The resistance band over 1420 coupled with the macroeconomic picture and earnings deterioration would seem to paint a picture of trouble ahead. We will have to watch and wait for the outcome but I would hesitate to be overly long as that barrier approaches.
S&P Chart - Weekly
S&P Chart - Daily
The Dow extended its rebound from the 12,450 lows of last week and has added about +500 points. This is astounding but remember +400 of those came as a result of the EU summit short squeeze. Add in another 100 points for the beginning of the second half asset allocation programs and now we are at two-month highs.
Seven Dow components were negative for the day including HD, T, DIS, PFE, JPM, GE and MRK. That left most of the heavy lifting to CAT +2.78, CVX +1.51, WMT +1.40 and BA +1.09. The rest were only fractionally higher. On a side note Boeing raised sales estimates for the aircraft industry between now and 2035 from $4.0 trillion to $4.5 trillion.
Like the S&P, I can't conceive the Dow will just continue rebounding to 13,275 but in this market anything is possible. I am not brave enough to short it for another 10-14 days, I want to see a week of earnings first, but I do believe we will have that short opportunity soon.
The Nasdaq continued to climb closer to psychological resistance at 3000 but is still well below technical resistance at 3050-3060. The 3000 level has figured prominently in trading earlier this year and it should come back to haunt us once again.
Leading the Nasdaq higher was Apple (AAPL). The stock finally broke out of its two month consolidation range with a textbook respect for the 100-day average. Apple shares hit a dead stop at $600 on Tuesday but if the gains continue later in the week the Nasdaq could punch through 3000.
The Nasdaq has rallied +156 points since last Thursday's low or roughly +5.6% and closed at the highs of the day on Tuesday. That is an extreme three day run and "should" be due for some profit taking.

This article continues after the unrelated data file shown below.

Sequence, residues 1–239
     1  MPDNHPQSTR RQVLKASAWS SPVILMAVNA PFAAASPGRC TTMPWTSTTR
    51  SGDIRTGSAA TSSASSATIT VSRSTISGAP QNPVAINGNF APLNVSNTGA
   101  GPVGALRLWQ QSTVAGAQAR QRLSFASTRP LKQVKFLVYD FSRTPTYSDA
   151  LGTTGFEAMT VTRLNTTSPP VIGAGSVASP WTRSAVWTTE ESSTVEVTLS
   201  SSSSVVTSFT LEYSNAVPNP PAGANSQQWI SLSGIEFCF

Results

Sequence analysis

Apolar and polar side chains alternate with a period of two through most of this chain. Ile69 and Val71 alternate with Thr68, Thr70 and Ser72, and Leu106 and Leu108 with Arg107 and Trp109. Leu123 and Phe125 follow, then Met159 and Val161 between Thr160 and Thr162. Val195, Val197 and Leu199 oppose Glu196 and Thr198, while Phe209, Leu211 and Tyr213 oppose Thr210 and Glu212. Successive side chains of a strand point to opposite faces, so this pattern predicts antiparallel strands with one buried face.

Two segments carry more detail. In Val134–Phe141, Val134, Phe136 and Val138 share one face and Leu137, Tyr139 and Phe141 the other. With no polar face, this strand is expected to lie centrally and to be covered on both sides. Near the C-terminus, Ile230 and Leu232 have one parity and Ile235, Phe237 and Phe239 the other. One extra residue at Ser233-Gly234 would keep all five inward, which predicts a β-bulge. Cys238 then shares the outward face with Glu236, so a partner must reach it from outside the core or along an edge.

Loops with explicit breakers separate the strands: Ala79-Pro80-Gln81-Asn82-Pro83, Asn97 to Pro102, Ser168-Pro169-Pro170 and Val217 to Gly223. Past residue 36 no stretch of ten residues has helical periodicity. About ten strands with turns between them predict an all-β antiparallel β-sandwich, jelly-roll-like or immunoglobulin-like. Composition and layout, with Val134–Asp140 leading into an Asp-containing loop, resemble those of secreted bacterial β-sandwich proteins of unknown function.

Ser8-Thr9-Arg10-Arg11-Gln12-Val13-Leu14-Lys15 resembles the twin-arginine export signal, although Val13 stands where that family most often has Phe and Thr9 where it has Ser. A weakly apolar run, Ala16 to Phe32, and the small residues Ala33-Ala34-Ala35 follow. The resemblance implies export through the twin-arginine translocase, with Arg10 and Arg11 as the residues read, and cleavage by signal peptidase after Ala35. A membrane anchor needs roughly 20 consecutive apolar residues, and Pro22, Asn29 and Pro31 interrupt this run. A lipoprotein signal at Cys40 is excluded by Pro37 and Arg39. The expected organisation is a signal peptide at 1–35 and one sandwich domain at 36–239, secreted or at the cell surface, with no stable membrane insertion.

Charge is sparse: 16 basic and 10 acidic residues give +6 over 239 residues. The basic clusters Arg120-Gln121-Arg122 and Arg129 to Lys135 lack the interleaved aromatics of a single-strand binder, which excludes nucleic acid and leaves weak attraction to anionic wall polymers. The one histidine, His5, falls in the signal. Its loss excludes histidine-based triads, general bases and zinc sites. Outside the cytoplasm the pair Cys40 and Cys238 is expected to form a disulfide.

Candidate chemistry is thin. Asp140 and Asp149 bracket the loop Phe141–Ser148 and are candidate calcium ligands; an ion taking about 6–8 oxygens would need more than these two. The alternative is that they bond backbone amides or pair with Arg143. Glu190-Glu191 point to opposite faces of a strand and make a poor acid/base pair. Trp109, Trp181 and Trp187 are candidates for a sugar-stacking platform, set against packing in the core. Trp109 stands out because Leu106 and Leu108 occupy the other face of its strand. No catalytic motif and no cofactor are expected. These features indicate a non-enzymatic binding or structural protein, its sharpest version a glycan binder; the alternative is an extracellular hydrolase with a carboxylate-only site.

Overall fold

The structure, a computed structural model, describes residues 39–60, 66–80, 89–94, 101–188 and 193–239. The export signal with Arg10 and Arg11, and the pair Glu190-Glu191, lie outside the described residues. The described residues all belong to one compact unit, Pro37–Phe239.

Nasdaq Point Gainers
Clearly I am questioning the recent rebound but I am not yet ready to bet against it. Selloffs and short squeezes can always run farther and faster than technicians expect. They tend to feed on themselves and fuel their own continuance as traders react to events rather than anticipate them. The first week of a quarter and first ten days of a half are typically bullish as funds put new cash to work and restructure existing portfolios. I believe that is adding fuel to the EU short squeeze from last week. Eventually that fuel will run out. Until then I would sit back and enjoy the gains. The payroll reports on Thr/Fri could be speed bumps to this yellow brick road
Anyone long this market should have a happy 4th of July. Just apply sunscreen liberally and beware the hangover.
Enter passively, exit aggressively!
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I was baptized alongside my mother when I was 8 years old. Since then I have tried to walk a Christian life. And now that I'm getting older I realize that I'm walking even closer with my God.
Andy Griffith, born 1926, died today at age 86.